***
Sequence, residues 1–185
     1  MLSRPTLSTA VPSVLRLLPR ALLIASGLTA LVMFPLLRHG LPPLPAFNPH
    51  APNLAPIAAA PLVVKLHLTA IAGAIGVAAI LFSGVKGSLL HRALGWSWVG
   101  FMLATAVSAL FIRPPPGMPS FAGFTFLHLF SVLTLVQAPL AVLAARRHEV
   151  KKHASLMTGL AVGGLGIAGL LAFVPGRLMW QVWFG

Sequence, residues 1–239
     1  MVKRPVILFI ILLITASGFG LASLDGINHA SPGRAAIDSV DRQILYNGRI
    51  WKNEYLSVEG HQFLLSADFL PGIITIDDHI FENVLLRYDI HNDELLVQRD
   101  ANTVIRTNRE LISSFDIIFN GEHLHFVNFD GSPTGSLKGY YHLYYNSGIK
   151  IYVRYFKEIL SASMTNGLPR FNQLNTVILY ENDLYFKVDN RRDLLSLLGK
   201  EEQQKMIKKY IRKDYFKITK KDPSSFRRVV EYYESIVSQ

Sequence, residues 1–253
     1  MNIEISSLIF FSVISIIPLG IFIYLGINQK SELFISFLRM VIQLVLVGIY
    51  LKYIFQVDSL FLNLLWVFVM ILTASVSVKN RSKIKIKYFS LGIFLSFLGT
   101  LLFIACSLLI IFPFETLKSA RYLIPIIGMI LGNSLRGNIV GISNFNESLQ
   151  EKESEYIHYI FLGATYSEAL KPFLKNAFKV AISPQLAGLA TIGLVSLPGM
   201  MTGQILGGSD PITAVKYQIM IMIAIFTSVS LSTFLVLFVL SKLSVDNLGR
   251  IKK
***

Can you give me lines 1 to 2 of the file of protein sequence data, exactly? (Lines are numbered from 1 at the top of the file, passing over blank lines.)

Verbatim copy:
Sequence, residues 1–185
     1  MLSRPTLSTA VPSVLRLLPR ALLIASGLTA LVMFPLLRHG LPPLPAFNPH